Family

I Used to Worry About Being an Overprotective Parent

The Trump era changed that.

A mother drawing with her child.
Illustration by Jim Cooke. Photo by Getty Images Plus.

This is part of What We Learned, a series of reflections on the meaning and legacy of the Trump years.

Back in 2017, I was a new parent who had read plenty of Lenore Skenazy and had every intention of defying what I thought was the dominant culture of hover parenting. If you had asked me then whether American society is generally “too safe,” I would probably have said “Yes!” I wanted to be a parent who let my child find her own footing. Head shaking at our “safe society” was something we all did in my very liberal family—my mother, reading a long warning label on a stepstool and laughing at all the cautions the manufacturers had to include to avoid a lawsuit; my older relatives, reminiscing about the years when kids used to tumble out the door at dawn and return by last light. The idea that our culture had gone a little too far over to the cautious side seemed like a simple bit of conventional wisdom.

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Now, after four exhausting years of conservative sneers about snowflakes, “safe spaces,” and soy boys, I don’t think I’ll ever again perceive conversations about American safety as politically neutral. These were the years when I realized that the commonly held belief that American kids and teenagers are overprotected—articulated over the years in Atlantic cover stories and bestselling books—is a cousin to the Trump-y argument that American life itself has been weakened by safety. It’s with this argument as ideological fuel that his administration stripped away occupational safety protections for workers, rolled back environmental regulations, even lowered standards for the inspection of meat.

But all the rollbacks, rule changes, and cruel comments minimizing the trauma of children separated at the border (do not forget this) look, in hindsight, like a prelude to the way the right used anti-safety-ism to dismiss the COVID-19 threat. As Donald Trump bungled his way through the pandemic, there was a stretch where the message from the right was: Stop being so scared of a little virus; your ancestors would be ashamed of you. Or, as Trump himself said in October, after he left Walter Reed pumped full of the best COVID drugs American medicine has to offer: “Don’t let it dominate your life.”

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This “buck up and take it” argument became a persistent theme last summer. Fox’s Brian Kilmeade said in early July that schools should reopen because “life is full of risks; kids should learn early on that life is full of hurdles; you’ve got to find a way to overcome.” Rush Limbaugh, around the same time, said on his radio show that Americans needed to do what their forebearers had done and get on with life. In the course of the 1918 flu, he said, “There was no, ‘Woe is us.’ It was just the next in a long line of things that happened with people that they dealt with.” Limbaugh went on to talk about the Donner Party and how, though they had to turn to cannibalism, they “didn’t complain about it, because there was nothing they could do. They had to adapt.”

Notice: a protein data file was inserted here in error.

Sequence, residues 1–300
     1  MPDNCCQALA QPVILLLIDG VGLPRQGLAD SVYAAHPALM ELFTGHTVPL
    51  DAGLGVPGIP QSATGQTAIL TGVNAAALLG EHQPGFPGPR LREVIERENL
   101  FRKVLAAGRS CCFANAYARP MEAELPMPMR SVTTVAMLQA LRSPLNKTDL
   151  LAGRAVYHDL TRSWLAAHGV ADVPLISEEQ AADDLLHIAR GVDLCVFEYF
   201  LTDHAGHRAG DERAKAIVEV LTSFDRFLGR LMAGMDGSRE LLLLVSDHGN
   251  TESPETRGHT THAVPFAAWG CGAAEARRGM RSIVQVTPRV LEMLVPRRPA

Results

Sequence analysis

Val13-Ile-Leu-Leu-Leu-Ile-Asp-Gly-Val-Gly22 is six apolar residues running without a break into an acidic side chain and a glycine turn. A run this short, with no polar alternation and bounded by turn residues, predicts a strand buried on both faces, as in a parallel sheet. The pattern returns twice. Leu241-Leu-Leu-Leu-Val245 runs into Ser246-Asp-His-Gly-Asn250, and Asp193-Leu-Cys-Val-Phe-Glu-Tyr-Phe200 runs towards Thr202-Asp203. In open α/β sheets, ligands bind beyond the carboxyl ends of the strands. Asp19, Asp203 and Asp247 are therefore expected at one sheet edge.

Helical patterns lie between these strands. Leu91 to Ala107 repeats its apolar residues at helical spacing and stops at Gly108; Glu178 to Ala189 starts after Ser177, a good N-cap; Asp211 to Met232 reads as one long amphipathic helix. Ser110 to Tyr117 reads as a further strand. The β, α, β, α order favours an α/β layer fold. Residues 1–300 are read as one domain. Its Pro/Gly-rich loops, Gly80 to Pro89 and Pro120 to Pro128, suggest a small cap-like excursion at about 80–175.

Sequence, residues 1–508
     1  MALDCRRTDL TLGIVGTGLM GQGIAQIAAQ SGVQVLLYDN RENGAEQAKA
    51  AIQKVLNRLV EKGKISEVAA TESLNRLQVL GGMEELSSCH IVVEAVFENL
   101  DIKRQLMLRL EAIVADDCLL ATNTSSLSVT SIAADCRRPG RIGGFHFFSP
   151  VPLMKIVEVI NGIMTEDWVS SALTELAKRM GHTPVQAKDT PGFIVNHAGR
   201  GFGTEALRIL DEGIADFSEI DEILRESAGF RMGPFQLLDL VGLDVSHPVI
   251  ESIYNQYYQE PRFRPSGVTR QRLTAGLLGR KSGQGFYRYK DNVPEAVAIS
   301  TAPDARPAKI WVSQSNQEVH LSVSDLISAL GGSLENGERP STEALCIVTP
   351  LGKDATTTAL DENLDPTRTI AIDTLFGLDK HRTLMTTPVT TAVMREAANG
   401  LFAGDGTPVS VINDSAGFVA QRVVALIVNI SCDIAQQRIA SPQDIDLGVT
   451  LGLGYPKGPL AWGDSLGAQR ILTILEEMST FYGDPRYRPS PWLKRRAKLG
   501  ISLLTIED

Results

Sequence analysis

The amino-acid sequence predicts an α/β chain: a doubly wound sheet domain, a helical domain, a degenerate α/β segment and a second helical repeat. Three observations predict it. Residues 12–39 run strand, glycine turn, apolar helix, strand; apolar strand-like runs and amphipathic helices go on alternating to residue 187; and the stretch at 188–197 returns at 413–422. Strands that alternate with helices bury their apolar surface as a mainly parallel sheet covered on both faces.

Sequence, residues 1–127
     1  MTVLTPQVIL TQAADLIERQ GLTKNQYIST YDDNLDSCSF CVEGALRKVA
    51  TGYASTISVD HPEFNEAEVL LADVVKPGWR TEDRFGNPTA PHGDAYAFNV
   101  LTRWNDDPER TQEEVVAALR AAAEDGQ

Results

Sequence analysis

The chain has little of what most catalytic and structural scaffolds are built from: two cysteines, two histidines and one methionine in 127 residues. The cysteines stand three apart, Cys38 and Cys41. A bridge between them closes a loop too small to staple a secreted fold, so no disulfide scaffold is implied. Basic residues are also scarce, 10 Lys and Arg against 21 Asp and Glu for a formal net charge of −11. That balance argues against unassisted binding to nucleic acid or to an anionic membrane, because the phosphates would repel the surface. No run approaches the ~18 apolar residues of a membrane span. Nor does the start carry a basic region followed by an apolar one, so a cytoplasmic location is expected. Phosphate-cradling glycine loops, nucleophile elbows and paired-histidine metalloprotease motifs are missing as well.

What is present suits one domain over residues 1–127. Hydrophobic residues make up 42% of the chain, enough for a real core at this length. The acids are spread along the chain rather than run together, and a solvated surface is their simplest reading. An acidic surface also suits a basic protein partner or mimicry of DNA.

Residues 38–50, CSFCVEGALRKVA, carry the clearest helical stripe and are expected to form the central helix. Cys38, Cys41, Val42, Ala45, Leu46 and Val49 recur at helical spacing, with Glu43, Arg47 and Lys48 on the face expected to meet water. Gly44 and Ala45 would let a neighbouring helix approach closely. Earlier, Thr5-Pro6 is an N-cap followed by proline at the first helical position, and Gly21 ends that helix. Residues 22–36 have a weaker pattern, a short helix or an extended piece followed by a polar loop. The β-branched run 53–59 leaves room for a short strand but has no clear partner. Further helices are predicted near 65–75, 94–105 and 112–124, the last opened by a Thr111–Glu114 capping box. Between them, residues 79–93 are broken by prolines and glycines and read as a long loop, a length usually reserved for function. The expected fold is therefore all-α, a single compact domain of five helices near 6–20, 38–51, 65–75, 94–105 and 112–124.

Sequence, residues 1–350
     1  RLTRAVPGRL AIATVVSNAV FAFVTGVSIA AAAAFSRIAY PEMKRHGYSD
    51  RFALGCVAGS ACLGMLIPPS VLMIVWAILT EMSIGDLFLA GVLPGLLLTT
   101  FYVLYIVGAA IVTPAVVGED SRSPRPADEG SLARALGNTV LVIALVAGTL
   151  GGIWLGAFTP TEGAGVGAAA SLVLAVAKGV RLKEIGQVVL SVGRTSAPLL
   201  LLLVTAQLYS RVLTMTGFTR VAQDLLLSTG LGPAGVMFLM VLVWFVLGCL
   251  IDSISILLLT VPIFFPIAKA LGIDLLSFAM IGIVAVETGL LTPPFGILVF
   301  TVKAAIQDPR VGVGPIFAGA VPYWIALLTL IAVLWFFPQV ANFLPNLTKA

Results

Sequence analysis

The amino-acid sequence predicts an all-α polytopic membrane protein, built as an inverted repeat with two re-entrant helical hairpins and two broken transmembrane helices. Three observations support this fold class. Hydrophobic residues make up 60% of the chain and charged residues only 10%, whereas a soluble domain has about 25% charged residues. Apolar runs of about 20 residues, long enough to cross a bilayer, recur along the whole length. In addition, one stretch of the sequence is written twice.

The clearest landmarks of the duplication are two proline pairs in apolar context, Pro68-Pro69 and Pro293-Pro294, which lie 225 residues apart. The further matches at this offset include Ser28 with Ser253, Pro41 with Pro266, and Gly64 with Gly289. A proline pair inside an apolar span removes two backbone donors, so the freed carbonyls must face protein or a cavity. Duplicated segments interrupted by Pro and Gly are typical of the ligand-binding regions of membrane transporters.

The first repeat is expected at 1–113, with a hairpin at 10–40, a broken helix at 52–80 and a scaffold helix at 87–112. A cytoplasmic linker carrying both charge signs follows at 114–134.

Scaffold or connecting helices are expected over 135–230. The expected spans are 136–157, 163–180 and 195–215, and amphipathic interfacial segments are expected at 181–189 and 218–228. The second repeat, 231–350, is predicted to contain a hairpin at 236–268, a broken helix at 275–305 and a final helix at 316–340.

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Limbaugh’s Donner Party bit got more press—of course; it’s hilarious—but the 1918 comment is almost more chilling. If our great-grands didn’t say “woe is us” about the flu, it’s because they had no recourse for dealing with it. At that time, they didn’t even really know that influenza was a virus! And the mental damage from the flu pandemic—the grief, the neurological effects on survivors—was huge. Reading these arguments, thinking about their usefulness to Trump, I came to see how the idea that history is a series of inevitable tragedies, and that human effort to avert them is futile, can do a great deal to cover for governments’ failures to protect.

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The anti-vaxxers who have found common cause with Trump also draw rhetorical fuel from this reactionary anti-safety-ism. This took me a while to understand, because anti-vaxxers are also motivated by misplaced fear of the possible effects of vaccines. But the Trump years have shown me that anti-vaxxers think we who vaccinate are the ones who have let an obsession with safety govern our lives. In 2019, Darla Shine, wife of then–White House deputy chief of staff Bill Shine, hopped on Twitter to argue against the use of the measles, mumps, and rubella shot after news of a measles outbreak in Washington state. “Bring back our #ChildhoodDiseases,” Shine wrote. “They keep you healthy and fight cancer.” Kids and parents should be brave enough to let kids have these diseases, goes the logic, because then they will have “life long natural immunity.”

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Later on in 2019, a study came out showing that having measles actually wipes out a bunch of a body’s accumulated immunity to other viruses and bacteria—a phenomenon called “immune amnesia” that does not occur when you get the MMR shot—so this belief now looks even more misguided. But scientific information has turned out to be a poor counter for the right’s deeply held belief that liberals are just babies who need to grow up.

It’s no mistake that the right hates the reformers of the Progressive Era, who best articulated the idea that a rich society like ours should extend the means of safety to as many as possible, through benefits like sanitation, occupational protections, and health care. Is American society “too safe” in 2021? I’ve never seen more clearly that for most people, in most places, it’s not safe enough.

This is part of What We Learned, a series of reflections on the meaning and legacy of the Trump years.

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